Secretary of State John Kerry lauded the Iraqi military today for “fighting with determination, courage, and skill to dislodge the enemy” in Anbar province, where forces captured the center of Ramadi from ISIS.
U.S. Central Command hailed the operation as a “significant milestone” in Iraq, to which the coalition contributed more than 600 airstrikes.
“The Iraqi Security Forces, including the Counter-Terrorism Service, the Iraqi Army, the Iraqi Air Force, the federal and local police, and the tribal fighters, have demonstrated their resolve in the fight for Ramadi,” Lt. Gen. Sean MacFarland, commander of the Combined Joint Task Force supporting Iraqi security operations, said in a statement today.
Defense Secretary Ashton Carter, who said in May that Iraqis “just showed no will to fight” in the fall of Ramadi, said the expulsion of ISIS by Iraqi security forces “supported by our international coalition is a significant step forward in the campaign to defeat this barbaric group and restore Iraq’s territorial sovereignty.”
“The fight for Ramadi demonstrates how capable, motivated local forces backed by coalition air support and training can defeat ISIL,” Carter said. “Now it’s important for the Iraqi government, working with provincial and local authorities, to seize this opportunity to maintain the peace in Ramadi, prevent the return of ISIL and other extremists, and facilitate the return of Ramadi’s citizens back to the city.”
“Even with this success, the fight against ISIL is far from over.”
Kerry said “support will continue as the mission in Ramadi is completed and we prepare for post-conflict stabilization.” He added strong praise for Iraqi Prime Minister Haider al-Abadi, calling gains we saw today “a tribute to the prime minister’s strong leadership and his belief in a unified Iraq for all its citizens.”
“While Ramadi is not yet fully secure and additional parts of the city still must be retaken, Iraq’s national flag now flies above the provincial government center and enemy forces have suffered a major defeat,” he said. “These gains attest to the growing confidence and capability of Iraqi forces who are fighting bravely against a ruthless adversary employing suicide bombers, snipers, and improvised explosive devices. We honor those among the Iraqi ranks who have made the ultimate sacrifice during this painstaking operation, and wish a speedy recovery to the wounded.”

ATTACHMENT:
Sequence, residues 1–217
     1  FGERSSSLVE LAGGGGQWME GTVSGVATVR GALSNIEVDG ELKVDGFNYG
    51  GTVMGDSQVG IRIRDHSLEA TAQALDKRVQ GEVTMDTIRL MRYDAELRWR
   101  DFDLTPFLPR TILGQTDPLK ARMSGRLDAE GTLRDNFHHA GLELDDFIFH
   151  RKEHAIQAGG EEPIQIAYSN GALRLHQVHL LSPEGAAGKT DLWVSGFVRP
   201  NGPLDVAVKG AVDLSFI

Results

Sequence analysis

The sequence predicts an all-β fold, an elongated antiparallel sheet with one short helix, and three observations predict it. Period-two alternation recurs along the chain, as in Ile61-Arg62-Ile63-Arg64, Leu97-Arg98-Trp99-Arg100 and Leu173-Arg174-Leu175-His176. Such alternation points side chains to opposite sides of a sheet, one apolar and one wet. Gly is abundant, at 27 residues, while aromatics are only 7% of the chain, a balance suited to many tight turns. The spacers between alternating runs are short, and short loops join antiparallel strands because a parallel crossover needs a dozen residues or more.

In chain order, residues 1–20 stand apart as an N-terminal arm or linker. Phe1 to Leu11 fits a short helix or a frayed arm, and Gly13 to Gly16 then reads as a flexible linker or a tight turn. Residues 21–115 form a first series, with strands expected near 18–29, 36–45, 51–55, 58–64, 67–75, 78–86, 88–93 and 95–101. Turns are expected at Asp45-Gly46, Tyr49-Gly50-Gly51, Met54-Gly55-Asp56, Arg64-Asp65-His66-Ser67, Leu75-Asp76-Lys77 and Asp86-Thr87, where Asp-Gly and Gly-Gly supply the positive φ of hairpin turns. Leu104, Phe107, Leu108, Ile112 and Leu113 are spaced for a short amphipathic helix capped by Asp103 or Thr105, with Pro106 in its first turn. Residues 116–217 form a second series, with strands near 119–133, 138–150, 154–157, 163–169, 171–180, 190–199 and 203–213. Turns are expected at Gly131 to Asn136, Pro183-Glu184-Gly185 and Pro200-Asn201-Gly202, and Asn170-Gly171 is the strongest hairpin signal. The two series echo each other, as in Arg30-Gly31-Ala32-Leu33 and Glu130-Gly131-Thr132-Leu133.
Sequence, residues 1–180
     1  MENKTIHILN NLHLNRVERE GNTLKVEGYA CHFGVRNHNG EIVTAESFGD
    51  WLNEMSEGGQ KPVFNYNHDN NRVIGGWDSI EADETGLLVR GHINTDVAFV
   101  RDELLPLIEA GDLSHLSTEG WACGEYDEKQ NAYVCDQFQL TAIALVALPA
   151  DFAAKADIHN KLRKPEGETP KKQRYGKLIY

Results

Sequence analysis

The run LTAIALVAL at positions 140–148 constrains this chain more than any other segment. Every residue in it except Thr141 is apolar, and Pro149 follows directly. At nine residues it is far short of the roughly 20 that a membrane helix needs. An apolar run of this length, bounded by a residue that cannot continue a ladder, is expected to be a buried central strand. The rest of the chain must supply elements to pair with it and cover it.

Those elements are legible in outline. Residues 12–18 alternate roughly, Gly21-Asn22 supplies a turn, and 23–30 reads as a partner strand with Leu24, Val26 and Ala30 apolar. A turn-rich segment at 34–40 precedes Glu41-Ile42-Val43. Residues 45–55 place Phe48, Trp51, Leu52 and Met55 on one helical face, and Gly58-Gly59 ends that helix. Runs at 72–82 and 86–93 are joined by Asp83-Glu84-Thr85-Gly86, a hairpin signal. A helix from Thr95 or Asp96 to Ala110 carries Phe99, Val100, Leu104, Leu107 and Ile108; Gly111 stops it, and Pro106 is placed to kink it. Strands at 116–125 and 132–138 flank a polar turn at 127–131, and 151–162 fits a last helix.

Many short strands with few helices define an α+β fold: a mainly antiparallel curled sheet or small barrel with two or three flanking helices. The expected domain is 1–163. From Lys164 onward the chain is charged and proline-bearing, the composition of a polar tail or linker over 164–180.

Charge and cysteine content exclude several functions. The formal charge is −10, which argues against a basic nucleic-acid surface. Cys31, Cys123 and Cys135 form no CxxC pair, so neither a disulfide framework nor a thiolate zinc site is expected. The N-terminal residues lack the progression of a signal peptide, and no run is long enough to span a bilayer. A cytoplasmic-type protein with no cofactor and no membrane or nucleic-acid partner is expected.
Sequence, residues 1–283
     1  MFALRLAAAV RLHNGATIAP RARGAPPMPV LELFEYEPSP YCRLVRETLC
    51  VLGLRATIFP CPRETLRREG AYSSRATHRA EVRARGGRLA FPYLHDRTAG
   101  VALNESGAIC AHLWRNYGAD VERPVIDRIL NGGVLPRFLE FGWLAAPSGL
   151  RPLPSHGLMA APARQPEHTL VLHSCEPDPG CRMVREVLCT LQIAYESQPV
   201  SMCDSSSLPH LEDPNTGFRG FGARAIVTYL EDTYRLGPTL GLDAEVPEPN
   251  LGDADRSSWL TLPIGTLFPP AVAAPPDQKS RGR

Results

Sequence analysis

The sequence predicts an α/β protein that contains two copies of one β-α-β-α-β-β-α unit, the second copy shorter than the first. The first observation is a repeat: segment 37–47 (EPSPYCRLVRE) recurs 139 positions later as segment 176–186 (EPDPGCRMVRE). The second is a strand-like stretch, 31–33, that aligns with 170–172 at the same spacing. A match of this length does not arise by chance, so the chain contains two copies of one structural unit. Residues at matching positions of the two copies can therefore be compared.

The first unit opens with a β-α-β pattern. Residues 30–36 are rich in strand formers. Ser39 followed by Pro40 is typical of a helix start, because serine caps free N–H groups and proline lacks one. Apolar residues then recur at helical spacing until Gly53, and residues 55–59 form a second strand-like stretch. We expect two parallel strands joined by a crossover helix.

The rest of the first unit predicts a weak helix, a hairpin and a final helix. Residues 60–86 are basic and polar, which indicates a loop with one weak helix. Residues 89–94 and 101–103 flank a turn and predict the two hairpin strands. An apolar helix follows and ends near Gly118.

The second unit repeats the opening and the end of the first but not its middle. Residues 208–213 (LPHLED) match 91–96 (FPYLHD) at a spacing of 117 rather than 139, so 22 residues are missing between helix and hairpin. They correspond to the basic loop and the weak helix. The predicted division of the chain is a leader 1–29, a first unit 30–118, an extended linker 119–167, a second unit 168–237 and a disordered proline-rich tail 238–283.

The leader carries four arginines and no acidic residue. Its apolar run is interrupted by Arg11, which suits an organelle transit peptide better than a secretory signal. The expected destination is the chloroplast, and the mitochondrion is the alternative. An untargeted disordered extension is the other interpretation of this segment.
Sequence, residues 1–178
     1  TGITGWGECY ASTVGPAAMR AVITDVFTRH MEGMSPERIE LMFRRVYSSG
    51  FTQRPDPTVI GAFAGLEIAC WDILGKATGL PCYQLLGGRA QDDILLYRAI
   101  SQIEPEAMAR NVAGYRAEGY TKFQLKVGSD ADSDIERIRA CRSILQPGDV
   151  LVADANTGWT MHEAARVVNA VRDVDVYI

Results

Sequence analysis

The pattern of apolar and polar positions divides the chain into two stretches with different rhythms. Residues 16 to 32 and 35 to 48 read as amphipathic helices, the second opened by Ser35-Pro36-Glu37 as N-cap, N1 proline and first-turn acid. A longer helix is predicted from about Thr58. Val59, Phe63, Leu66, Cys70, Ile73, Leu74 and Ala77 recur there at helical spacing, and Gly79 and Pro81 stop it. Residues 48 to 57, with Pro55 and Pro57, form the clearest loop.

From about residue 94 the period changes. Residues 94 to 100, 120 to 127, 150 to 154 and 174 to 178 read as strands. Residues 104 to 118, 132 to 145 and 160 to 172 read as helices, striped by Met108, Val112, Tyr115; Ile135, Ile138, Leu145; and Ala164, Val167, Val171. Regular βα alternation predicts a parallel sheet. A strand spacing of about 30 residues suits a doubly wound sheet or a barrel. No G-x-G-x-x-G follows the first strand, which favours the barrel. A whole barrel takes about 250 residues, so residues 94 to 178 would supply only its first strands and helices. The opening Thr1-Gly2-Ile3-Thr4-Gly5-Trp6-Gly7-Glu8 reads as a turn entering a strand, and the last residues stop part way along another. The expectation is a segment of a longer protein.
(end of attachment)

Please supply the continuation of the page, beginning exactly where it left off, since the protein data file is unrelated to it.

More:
Iraqi officials said ISIS still controls as much as 30 percent of Ramadi. “We can’t say that Ramadi is fully liberated. There are still neighborhoods under their control and there are still pockets of resistance,” said Gen. Ismail al-Mahlawi, head of military operations in Anbar.
ISIS is estimated to have left some 300 explosive booby traps at the government center complex alone.
“Dislodging ISIL from areas it has occupied is a central part of Iraq’s security strategy, but it is also vital to rebuild and stabilize the areas that have been liberated,” Kerry said. “In Ramadi, these efforts will be led by the Iraqi government and coordinated on the ground by Anbar Governor Sohaib al-Rawi and his team. The United States and members of the Coalition have pledged or contributed over $50 million to the UNDP stabilization fund to support these efforts. The stabilization process will be supported by thousands of local police and tribal forces, many of whom have been trained by the Coalition.”
Al-Abadi declared 2016 would be “the year of the final victory and the end of the existence of Daesh on Iraqi territory.”
ISIS has lost about 14 percent of its vast territory straddling Iraq and Syria since the coalition effort began. In the meantime, though, ISIS has been expanding operations in Africa, Afghanistan, the Caucasus, Yemen, and South Asia.
Mosul fell to ISIS a year and a half ago and has not been recaptured. The Tigris river city had about 2.5 million people; by comparison, Ramadi’s population was around 400,000.
But Kerry was eager to declare that Ramadi has ISIS on the run.
“ISIL’s defeat in Ramadi is not an isolated event,” he said. “It comes after losses this year in Tikrit, Baiji, Sinjar, and across northern Syria. Working with our Iraqi and Syrian partners, the United States and our Coalition will continue to apply relentless pressure and squeeze this barbaric terrorist group across all lines of effort. We will also continue to pursue diplomatic initiatives in Syria aimed at further isolating ISIL and contributing to its ultimate defeat.”
Rep. Peter King (R-N.Y.) told MSNBC today that all that the Ramadi recapture did “was bring us back to where we were 15 months ago.”
“And you don’t win these wars by a body count. The fact is, during the last 15 months, ISIS has also expanded significantly into Libya, into Afghanistan, where they now rival al-Qaeda and the Taliban.”
The 2,000 ISIS fighters killed “would be significant except that they’ve recruited a lot more than that,” King said. “…And ISIS has also now expanded. Really they were not until the last year or so attacking outside their own region, but they’ve attacked Paris, they’ve attacked the United States, they’ve — obviously in Lebanon they’re going into. So this is a significant development by ISIS.”
“So, listen, we can win this. It’s not going to be easy. I think what the American people, why they’ve lost faith to a certain extent in the president is that he acts as if everything is going fine. And he doesn’t acknowledge these defeats we have had or the gains that ISIS has made. And that’s why it puts a cloud over everything he’s claiming.”